Maria Meandering Offshore, Summer Temps Return In the East!

Good Evening!

The tropics are still quite active with both Hurricane Maria and Lee out over the Atlantic this evening, with both storms at Category 1 intensity. Back on Friday, we talked about how Lee was located in a very favorable environment for quick strengthening due a favorable baroclinic background in addition to its very small structure. Lee did in fact intensify quite quickly the past weekend into a strong Category 1 hurricane with winds around 90 mph over the open-Atlantic, thousands of miles away from land. Lee has been a very interesting storm to follow, as it resembles more of the norm that we have seen over the past few hurricane seasons where a disturbance or weak storm will wait until reaching around 20-25N before really beginning to strengthen. Regardless, Lee should remain in a relatively favorable environment for the storm to at least sustain itself for another two days before shear dramatically increases and sea surface temperatures become quite cool. Lee should eventually become absorbed by a larger non-tropical system in the north Atlantic in about 5 days as it gradually heads north at around 10 mph.

Satellite Imagery of a very small Hurricane Lee with winds up to 85 mph

Satellite Imagery of a very small Hurricane Lee with winds up to 85 mph

Closer to home, we have Hurricane Maria located off of the southeast United states with winds of around 80 miles per hour. Maria has been exposed to the cool wake left behind by Hurricane Jose which was over the same region just about a week ago. This cool wake has led to the storm losing its once very deep convection and this has in turn led to the inner core of the storm to spread out into a larger and broader circulation with tropical storm force winds extending far away from the center. This is causing a large section of the east coast to experience very dangerous rip currents and increased wave action.  Maria should continue to move northward over the next couple of days as it round the side of a large area of high pressure over the western Atlantic. Maria’s forward speed should also remain rather sluggish as well due to the large area of mid level ridging over the Northeast.

Maria will come close enough to the Outer Banks of North Carolina by tomorrow afternoon and evening that tropical storm force winds may occur with any bands of rain that may try and work their way close to the islands. As Maria is just off the coast of North Carolina, a deep trough coming in from the west will begin to affect the hurricane and cause the storm to speed up a bit. As it speeds up, the trough will also pick Maria up and begin to kick it out to the northeast, and finally away from land. At this time, Maria is not a huge threat to land other than rip currents and gusty winds in the Outer Banks, but please follow your local National Weather Service and the National Hurricane Center for more information on this storm over the next few days. Also, please head any warnings at the beaches this week as rip currents and strong waves could possibly be life-threatening if not taken seriously!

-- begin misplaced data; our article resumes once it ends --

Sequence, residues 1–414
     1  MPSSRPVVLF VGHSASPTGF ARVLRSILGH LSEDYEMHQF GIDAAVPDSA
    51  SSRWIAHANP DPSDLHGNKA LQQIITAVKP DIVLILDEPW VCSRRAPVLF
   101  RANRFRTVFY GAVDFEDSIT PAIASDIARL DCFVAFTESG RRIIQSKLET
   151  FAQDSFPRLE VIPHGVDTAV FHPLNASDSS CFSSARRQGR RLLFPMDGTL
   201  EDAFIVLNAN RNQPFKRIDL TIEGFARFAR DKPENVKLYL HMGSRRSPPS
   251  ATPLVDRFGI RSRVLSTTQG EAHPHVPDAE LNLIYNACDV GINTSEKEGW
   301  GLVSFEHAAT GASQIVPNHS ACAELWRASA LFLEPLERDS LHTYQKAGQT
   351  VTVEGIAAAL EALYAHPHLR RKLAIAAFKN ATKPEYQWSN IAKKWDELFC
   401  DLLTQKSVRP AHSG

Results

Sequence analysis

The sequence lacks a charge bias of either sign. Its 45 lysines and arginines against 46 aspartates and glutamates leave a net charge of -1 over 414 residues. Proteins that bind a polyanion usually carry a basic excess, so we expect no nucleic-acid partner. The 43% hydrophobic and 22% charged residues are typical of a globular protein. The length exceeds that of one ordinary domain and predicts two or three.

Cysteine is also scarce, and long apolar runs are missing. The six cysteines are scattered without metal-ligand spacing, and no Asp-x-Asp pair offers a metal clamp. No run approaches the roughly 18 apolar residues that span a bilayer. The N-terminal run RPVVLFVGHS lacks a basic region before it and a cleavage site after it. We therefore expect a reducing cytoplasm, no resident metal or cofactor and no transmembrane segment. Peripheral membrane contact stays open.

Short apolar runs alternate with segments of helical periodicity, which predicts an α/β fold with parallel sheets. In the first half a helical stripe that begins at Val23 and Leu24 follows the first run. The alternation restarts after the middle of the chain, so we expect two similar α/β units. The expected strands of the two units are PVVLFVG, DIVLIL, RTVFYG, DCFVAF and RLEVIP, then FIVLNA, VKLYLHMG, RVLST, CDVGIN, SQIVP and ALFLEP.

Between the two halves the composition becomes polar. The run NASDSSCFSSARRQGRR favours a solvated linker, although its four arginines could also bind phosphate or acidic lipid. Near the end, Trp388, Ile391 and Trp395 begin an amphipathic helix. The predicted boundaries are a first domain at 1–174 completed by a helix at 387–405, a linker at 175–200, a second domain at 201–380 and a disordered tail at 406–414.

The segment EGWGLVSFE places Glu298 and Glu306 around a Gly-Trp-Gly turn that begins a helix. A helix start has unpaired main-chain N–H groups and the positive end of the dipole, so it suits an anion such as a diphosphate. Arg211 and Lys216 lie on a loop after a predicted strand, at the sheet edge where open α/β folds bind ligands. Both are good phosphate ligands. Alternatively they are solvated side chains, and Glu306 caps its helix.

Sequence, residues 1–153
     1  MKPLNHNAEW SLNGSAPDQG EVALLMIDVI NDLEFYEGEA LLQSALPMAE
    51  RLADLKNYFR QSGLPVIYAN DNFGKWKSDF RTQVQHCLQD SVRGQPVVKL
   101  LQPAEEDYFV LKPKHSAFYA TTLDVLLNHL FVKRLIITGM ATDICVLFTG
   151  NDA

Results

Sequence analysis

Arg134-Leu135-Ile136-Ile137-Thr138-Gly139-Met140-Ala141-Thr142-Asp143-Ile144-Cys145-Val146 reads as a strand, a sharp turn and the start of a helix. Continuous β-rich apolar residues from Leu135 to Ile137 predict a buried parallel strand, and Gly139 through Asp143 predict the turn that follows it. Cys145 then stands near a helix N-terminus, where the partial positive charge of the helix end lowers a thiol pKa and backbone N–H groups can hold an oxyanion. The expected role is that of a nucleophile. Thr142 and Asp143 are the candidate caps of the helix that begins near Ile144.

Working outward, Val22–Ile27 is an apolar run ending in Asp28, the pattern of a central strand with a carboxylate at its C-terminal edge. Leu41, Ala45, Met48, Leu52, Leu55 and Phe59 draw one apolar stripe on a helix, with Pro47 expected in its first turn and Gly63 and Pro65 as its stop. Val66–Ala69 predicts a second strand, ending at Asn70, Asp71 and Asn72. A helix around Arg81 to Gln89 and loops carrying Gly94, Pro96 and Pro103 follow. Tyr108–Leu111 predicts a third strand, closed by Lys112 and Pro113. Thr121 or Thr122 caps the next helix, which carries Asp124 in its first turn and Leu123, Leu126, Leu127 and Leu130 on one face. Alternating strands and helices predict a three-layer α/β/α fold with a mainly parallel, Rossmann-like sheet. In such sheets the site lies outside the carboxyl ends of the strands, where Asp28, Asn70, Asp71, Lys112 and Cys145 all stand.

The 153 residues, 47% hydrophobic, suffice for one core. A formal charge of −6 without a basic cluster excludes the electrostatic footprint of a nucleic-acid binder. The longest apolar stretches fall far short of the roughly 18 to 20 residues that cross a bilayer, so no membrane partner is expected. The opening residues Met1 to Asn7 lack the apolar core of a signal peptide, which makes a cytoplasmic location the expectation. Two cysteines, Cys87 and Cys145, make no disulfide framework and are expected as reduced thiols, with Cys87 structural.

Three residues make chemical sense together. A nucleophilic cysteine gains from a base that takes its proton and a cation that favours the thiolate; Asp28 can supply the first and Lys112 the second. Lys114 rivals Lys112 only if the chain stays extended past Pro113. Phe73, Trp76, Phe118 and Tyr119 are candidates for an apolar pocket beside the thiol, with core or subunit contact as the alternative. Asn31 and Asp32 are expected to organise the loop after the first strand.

GOES 16 loop of both Hurricanes, Maria and Lee churning out over the Atlantic today (Credit: NASA/SPort)

GOES 16 loop of both Hurricanes, Maria and Lee churning out over the Atlantic today (Credit: NASA/CIRA)

Summer-like Weather Returns…For How Long? 

The area of strong mid level ridging parked over much of the Northeast continues to bring very warm temp[temperatures for this time of the year to the region, with many stations across the area seeing highs in the upper 80’s to lower 90’s-which is around 10-20 degrees above normal for this time of year. This area of ridging will also provide clear skies and prevent any chances of rain over the next few days, despite an increase in dewpoints over the past thirty-six hours. Temperatures through Wednesday should remain in the middle to upper 80 range, with some locally higher temperatures expected away from the coast. With the increased low level moisture, there will also be a risk for fog each evening, which could reduce visibility down to less than a quarter-mile at times. Lows will be generally mild through the middle of the week, with temperatures remaining in the middle 60’s to lower 70’s.

Later in the week, a large mid level trough will swing down from Canada and kick out the ridge that has been providing the area with summer-like temperatures for the past few days. This trough should deliver a nice cool-down as the Canadian air really begins to settle in towards the start of the weekend. Highs will likely fall back into the 70’s across much of the area, with low in the 40’s and 50’s, which should make things feel a lot more like fall. As of right now there does not appear to be any significant precipitation events over the next 5 days, but will be monitoring any trends over the next few days!

There are some indications in the medium range guidance that more summer-like temperatures may try and return to the east for the first week of October, but we will cover that in more detail later this week as the exact details and timing become more clear!

ECMWF model showing a mid level trough working into the Northeast this weekend with another ridge hot on its heels (Accuweatehr Pro)

ECMWF model showing a mid level trough working into the Northeast this weekend with another ridge hot on its heels (Accuweatehr Pro)

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Have a great evening!

Steve Copertino